WESTFIELD, NJ — The owner of a landmark house wrecked in a 2013 fire claims in a lawsuit served this week that she lost profits, her property rights and suffered mental anguish as a result of the town’s denying approvals needed for rebuilding her residence.
Lisa Varandas, owner of the Wychwood Gate House, had in 2016 said that although it would be costly to rebuild a home similar to the original, she recognized its importance to the community and would attempt the reconstruction. Five years later, she claims, she is still fighting for the town’s approval to do so.
Varandas claims that in denying the government approvals needed for a rebuild at 120 Wychwood Road, the town retaliated against her and her family for its “publicly stated opposition to the enactment of a historic preservation ordinance” and also a prior lawsuit filed against the municipality.
“The planning board’s frivolous position does not further any of the town’s interests and has forced my client and the town to engage in costly litigation and jeopardize the rebuilding of the Gate House,” said Courtney Schael, Varandas’ attorney and her sister.
The town declined to comment on this lawsuit, which also names the planning board, building and zoning departments and the historic preservation commission, along with 11 municipal employees and Westfield officials.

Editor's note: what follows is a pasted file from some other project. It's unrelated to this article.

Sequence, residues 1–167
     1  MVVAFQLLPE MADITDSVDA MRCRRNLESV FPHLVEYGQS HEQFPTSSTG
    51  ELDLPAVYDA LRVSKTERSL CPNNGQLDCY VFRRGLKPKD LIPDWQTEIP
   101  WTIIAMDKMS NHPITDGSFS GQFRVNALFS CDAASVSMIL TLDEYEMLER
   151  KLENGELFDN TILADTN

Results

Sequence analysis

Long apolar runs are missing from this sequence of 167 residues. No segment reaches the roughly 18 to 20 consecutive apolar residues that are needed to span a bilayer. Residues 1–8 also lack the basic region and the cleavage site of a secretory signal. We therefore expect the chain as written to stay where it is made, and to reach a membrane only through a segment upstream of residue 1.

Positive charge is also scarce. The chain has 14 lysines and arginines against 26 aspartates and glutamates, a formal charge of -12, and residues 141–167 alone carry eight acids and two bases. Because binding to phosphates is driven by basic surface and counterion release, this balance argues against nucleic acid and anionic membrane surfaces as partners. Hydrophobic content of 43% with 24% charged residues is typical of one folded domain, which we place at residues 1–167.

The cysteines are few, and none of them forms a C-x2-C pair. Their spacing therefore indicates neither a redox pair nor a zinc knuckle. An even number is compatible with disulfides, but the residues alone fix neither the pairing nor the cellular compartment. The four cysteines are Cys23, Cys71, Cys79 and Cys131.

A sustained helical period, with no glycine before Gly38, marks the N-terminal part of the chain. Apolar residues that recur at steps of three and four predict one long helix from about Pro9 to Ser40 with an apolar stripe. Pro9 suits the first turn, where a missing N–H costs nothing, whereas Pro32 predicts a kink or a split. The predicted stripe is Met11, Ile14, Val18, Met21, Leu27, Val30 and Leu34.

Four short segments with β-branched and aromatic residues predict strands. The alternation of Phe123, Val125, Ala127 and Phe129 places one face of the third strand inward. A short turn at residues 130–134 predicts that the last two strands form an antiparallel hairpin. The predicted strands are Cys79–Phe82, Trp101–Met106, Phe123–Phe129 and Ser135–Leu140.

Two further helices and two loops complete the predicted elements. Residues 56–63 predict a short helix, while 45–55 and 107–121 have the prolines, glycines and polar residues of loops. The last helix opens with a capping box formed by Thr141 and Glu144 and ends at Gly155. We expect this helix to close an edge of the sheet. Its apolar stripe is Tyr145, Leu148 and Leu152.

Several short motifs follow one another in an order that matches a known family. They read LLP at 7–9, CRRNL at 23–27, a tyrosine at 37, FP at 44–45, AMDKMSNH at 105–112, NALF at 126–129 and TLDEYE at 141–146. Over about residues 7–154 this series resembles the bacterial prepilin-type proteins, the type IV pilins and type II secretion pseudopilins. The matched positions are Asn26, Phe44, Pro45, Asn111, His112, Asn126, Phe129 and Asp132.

“As a policy, the Town does not comment on pending litigation,” said Kim Forde, Westfield’s public information officer.
The new lawsuit claims a planning board subcommittee in November attempted to get Varandas’ permission to impose restrictions on the building materials, something she refused because it was “not required by the resolution and not permitted by any law or ordinance.”
On Nov. 16, Varandas received a letter conveying the town’s denial, the lawsuit states. Varandas claims that as a result of this denial, she lost buyers who had expressed interested in purchasing the property.
Schael told TAPinto Westfield this week that municipal officials treated her client's property as if it were designated historic and subject to new regulations for historically designated homes, something she argues is not the case.
“Neither the house that burnt down or any part of the property was designated as historic, so the new ordinance has no application whatsoever to this property,” Schael said.
Varandas’ complaint — which states that she spent $80,000 in architect, engineering, attorney and expert witness fees in her attempts to gain the planning board’s approval — seeks unspecified compensatory damages, attorney fees, the cost of the suit and an “order directing defendants to issue an unconditional building permit on Plaintiff’s Permit application.”
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